We drove to a nearby bighorn sheep viewing area this morning and did not see any sheep. It was a short drive and nice. On the way back, we stopped at the grocery store to pick up a few things and headed back. I set out to do a couple loads of wash and Regis got some pictures of the surrounding area.
No one has been wearing masks at our campground which includes a restaurant and casino, so I was a little bummed to be the only one wearing a mask. We went into Frenchtown nearby to do some grocery shopping and folks were wearing masks. We continue to wear masks. We have no desire to get sick, much less while we are traveling.
We left Port Townsend this morning and were sad to leave the Olympic Peninsula. We love the area and it is close to Jason for visiting. This morning, while still camped at Point Hudson, I noticed some river otters in the water. I grabbed Dart’s leash and the camera and I sat on a hunk of driftwood on the beach and watched the otters until they came ashore and disappeared. It was a family with two adults and two juveniles. They were too far out to get good pictures, but we have a couple here to post. They were a joy to watch. The adults kept getting food and lifting their heads above the water while the juveniles scrambled around them, perhaps not sure what they were supposed to do. Regis came out to photograph also. I also saw a bald eagle on the spit. It took off with a dead seagull.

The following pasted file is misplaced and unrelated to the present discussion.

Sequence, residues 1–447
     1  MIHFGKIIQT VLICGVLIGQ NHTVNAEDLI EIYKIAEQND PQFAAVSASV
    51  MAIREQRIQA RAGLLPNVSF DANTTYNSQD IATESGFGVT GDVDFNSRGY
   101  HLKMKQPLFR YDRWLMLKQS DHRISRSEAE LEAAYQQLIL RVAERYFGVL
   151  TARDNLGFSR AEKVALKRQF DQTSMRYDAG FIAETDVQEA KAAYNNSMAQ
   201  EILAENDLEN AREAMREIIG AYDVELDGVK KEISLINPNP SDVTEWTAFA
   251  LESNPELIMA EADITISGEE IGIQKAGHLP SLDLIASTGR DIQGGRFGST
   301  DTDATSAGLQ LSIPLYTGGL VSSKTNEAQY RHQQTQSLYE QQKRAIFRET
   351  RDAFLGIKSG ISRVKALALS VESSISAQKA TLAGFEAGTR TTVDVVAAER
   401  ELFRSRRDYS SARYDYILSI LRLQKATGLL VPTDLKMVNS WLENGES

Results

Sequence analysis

It was a wonderful gift of the day to see the otter family on our last morning at Port Townsend. Our plan was to drive to Ellensburg, Washington to camp and then head to Gingko Petrified Forest State Park to see if we could see some bighorn sheep. We originally planned to camp in the park, but camping was closed although the park was open for day use. We altered our plans and stayed in a private KOA campground in Ellensburg which is about 30 miles away from the park. After setting up camp, we headed to the park. I wasn’t expecting to get to see the bighorn sheep since I already had the opportunity to see the otters in the morning.
At this point, Dart must have been truly miserable. He had the longest drive in the RV for awhile and perhaps thought he was in for some relief before we packed him up into the Jeep after setting up camp. After we got to the State park, I missed the turn to the visitor center and took the next one and lo and behold, we saw sheep. I thought I would not be so lucky since I got to see the otters in the morning. It was too much to ask for one day. Wahoo!